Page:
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I'm chasing a bug in Perl code that seems to fundamentally be a version of this:

"Cannot decode string with wide characters" appears on a weird place

Basically, under certain conditions, Encode::decode('utf8', $string) is getting called twice on the same string, and hilarity ensues. Now, the best solution is to figure out what conditions are causing the double-decode and stop that from happening. Unfortunately, this is mature production code for feature-rich product; figuring out those conditions and fixing them in a way that doesn't introduce regression errors looks to be challenging.

Is there some fast reliable way to detect whether a string has already been decoded from utf8? Inserting "if" statements before those calls feels a tad kludgy, but ought to be a pretty safe fix.

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up vote 1 down vote accepted

Encode has an is_utf8 function:

is_utf8(STRING [, CHECK])

[INTERNAL] Tests whether the UTF8 flag is turned on in the STRING. If CHECK is true, also checks the data in STRING for being well-formed UTF-8. Returns true if successful, false otherwise.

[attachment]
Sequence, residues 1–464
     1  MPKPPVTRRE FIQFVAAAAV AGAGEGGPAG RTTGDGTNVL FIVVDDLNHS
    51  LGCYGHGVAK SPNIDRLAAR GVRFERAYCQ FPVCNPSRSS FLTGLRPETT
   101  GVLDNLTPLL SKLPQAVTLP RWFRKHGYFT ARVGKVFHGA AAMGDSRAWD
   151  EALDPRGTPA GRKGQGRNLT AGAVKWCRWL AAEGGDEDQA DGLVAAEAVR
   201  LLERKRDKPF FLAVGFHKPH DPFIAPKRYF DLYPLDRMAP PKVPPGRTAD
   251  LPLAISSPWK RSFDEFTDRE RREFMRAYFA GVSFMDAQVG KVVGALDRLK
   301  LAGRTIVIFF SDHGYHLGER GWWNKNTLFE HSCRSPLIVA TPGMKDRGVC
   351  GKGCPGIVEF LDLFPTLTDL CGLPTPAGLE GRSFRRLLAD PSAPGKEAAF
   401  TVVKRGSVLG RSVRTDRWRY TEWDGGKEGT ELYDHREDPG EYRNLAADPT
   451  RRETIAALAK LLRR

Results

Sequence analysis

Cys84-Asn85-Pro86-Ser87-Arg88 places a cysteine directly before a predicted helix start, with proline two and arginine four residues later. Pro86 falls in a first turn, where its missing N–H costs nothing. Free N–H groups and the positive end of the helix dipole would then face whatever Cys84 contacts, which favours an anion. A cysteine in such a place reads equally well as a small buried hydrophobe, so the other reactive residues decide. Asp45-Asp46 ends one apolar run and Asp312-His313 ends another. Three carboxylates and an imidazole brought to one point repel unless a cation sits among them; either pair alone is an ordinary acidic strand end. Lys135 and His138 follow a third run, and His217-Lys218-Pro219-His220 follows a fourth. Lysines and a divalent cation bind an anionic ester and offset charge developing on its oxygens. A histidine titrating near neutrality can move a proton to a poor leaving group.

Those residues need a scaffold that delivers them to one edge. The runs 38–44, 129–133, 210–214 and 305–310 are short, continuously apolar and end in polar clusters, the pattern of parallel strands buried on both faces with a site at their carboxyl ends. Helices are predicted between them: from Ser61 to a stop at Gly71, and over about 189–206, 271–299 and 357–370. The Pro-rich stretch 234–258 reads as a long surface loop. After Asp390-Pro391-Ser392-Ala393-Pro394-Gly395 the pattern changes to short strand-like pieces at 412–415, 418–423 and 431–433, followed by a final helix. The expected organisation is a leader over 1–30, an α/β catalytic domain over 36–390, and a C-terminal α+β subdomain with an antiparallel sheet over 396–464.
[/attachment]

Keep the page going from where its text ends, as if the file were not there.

Notice that the caption of the documentation is "Messing with Perl's Internals", this function might change in future perl versions.

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@BlairHippo, Note that this does the same as utf8::is_utf8, except that the latter is builtin, meaning you don't need to load any modules to use it. Keep in mind that neither accurately returns whether the string has been decoded or not. – ikegami Aug 12 '11 at 19:38

It's impossible to correctly detect whether a scalar contains a decoded string or not. There's no way to communicate that info to Perl, so there's no way for it to communicate it to you. At best, one can guess. There are some heuristics you could use. From most reliable to least:

  1. If the string contains characters above 255, it's not encoded.

  2. If the scalar would be encoded using UTF-8 if it was encoded and the scalar contains valid UTF-8**, it's probably encoded.

  3. If the scalar would be encoded using UTF-8 if it was encoded and the scalar does not contain valid UTF-8**, it's probably decoded.

  4. If the scalar's UTF8 flag is on*, then the string is probably decoded.

  5. If the scalar's UTF8 flag is off*, then the string is probably not decoded.

You should decode all your inputs and encode all your outputs.

* — The flag can be accessed using the builtin utf8::is_utf8($s).

** — Builtin utf8::decode(my $tmp = $s) returns whether $s contains valid UTF-8.

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One could also search for NUL bytes or newlines encoded using UTF-16, UCS-2 and UTF-32/UCS-4, but that's getting pretty specific. – ikegami Aug 11 '11 at 23:15

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